Many microorganisms inhabit the human body. A healthy vagina contains bacteria and a few yeast cells. However, when the balance of yeast changes and bacteria, the yeast cells may multiply. This causes intense itching, swelling, and irritation.
Almost three out of four women are affected by vaginal infection or vaginal candidiasis at some point in their life. The vaginal yeast infection is a fungal infection of the vagina and the surrounding tissues of the vagina that results in intense itchiness, redness, and discharge. A yeast infection is not a sexually transmitted infection and can be effectively treated.
What are the Symptoms of a Yeast Infection?
Symptoms of a yeast infection include:
- Burning sensation during sexual intercourse
- Burning sensation while peeing
- Vaginal pain and soreness
- Swelling and redness of the vulva
- Irritation and itching of the vagina
- Watery discharge from the vagina
You may develop a more severe yeast infection in the following cases:
- Experience four or more yeast infections in a year
- Suffering from uncontrolled diabetes
- Severe redness, swelling, and itching
- Weakened immune system due to HIV infection
How is the Diagnosis of the Vaginal Yeast Infection Made?
Your doctor would confirm the infection by:
- Taking your detailed medical history,
- Performing a pelvic examination. Your doctor would also externally examine your genitals for the signs of infection. The doctor would also closely examine the vagina and the cervix to confirm the diagnosis.
Sampling. Your doctor may also take samples of some of the vaginal fluid and send it for testing to identify the fungus, which is causing the yeast infection; this can help the doctor determine the course of treatment better and look out for recurrence.
What are the Causes of a Vaginal Yeast Infection?
Yeast infection causes arise primarily due to a fungus called Candida albicans; this happens since the vagina is a host to bacteria and fungi, which live together in a delicate balance. The disruption of this balance results in fungi overgrowth in the vagina, causing a yeast infection. The disruption in balance can be due to:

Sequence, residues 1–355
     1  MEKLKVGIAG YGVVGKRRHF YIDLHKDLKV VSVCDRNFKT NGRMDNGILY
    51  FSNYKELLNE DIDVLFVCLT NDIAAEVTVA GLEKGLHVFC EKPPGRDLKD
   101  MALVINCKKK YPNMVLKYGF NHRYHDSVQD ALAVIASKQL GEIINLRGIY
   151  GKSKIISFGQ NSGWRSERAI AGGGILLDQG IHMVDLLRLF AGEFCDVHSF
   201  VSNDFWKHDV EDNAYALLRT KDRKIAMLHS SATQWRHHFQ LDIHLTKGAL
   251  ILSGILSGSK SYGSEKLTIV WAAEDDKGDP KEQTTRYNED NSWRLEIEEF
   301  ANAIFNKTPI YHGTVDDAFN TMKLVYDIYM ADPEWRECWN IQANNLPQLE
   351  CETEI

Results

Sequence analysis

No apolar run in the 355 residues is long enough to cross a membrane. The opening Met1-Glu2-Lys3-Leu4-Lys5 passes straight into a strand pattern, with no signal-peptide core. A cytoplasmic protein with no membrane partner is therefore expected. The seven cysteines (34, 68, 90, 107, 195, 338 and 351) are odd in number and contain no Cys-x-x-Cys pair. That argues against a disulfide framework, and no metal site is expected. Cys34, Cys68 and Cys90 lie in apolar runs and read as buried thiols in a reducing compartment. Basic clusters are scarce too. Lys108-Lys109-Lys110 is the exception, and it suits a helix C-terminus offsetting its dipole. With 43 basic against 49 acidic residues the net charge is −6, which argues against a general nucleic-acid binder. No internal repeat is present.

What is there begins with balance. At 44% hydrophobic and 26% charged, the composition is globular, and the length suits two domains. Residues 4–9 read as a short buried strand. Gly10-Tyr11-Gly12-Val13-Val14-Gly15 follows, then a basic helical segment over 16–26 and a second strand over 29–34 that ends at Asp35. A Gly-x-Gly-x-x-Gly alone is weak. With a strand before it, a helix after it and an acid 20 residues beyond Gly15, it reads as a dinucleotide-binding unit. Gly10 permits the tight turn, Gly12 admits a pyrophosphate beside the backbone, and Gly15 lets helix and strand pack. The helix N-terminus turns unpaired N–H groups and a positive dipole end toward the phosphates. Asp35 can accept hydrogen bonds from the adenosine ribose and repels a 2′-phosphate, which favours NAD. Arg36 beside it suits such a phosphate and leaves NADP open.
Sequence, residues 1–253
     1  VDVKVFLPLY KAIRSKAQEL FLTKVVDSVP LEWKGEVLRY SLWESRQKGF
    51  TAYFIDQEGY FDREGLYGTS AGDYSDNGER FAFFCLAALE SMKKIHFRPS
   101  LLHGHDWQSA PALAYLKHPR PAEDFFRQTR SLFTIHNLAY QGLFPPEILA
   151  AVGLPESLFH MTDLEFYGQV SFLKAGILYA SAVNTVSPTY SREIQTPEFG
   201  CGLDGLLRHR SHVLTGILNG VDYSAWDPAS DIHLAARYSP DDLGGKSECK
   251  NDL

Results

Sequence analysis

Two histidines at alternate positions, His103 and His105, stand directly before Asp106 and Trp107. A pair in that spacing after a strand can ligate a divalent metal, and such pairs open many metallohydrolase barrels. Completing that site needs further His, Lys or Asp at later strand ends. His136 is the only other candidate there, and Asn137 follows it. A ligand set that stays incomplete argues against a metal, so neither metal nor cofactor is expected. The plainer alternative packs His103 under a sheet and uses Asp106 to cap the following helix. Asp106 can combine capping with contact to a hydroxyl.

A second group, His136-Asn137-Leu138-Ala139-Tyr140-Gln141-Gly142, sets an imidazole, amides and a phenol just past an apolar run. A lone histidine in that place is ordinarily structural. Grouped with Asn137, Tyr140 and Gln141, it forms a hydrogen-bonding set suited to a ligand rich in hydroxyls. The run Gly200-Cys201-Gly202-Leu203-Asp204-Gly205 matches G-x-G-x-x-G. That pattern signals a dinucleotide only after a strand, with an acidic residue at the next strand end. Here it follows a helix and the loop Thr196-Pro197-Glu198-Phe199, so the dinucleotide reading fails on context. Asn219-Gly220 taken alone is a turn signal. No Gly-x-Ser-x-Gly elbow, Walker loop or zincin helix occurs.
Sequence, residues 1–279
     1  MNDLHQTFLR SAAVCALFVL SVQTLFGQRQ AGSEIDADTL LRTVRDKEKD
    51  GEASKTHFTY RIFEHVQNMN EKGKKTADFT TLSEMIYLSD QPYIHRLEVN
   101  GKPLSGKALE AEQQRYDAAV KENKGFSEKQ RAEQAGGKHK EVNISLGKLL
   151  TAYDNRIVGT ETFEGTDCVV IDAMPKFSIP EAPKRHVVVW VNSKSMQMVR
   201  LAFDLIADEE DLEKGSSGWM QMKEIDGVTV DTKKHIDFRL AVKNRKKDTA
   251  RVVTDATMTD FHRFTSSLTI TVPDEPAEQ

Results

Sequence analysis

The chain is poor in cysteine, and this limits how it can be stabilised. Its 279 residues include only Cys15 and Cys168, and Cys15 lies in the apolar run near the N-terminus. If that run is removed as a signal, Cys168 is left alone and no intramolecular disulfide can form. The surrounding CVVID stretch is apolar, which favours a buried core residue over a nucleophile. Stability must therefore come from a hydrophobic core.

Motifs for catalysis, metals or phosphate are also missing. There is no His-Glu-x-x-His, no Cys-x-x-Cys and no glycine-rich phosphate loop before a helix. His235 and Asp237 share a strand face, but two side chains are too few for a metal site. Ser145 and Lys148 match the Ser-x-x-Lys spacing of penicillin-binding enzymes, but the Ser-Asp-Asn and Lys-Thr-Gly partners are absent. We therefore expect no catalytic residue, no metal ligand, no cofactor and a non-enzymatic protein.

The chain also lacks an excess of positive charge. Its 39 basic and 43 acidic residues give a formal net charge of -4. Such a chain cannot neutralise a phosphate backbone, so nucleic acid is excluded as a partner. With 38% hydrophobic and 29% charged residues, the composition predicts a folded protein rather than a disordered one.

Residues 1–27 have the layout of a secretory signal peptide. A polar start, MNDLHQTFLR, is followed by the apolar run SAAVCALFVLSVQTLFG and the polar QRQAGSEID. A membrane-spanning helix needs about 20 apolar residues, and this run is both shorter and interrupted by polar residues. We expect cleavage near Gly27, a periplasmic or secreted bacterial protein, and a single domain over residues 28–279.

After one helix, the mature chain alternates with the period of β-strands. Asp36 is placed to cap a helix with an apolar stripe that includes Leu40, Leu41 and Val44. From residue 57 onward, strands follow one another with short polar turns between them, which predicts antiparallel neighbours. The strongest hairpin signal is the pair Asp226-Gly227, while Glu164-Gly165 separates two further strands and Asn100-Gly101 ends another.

- Oral contraceptives causing elevated estrogen levels
- Intake of antibiotics
What are the Risk Factors Associated with a Yeast Infection?
Many factors contribute to yeast infection. These risk factors include:
- Elevated estrogen. Yeast infections have been observed to be higher in women who have elevated levels of estrogen. These include women who are pregnant or those who take a high dose of birth control pills.
- Impaired immune system. Women with extremely reduced immunity, such as those suffering from Human Immunodeficiency Virus (HIV) or undergoing corticosteroid therapy, are at an increased risk of having a yeast infection.
- Antibiotic use. Yeast infection has also been observed to be higher in those taking antibiotics, which kill a large range of bacteria. Due to the strong dose, many of the ‘good’ balancing bacteria numbers also diminish, increasing the growth of the fungi.
- Diabetes. Women with increased blood sugar and poorly controlled diabetes are also at an increased risk of yeast infections than women with well-controlled diabetes.
How to Prevent Vaginal Yeast Infections?
Most women can prevent vaginal yeast infections through the following methods: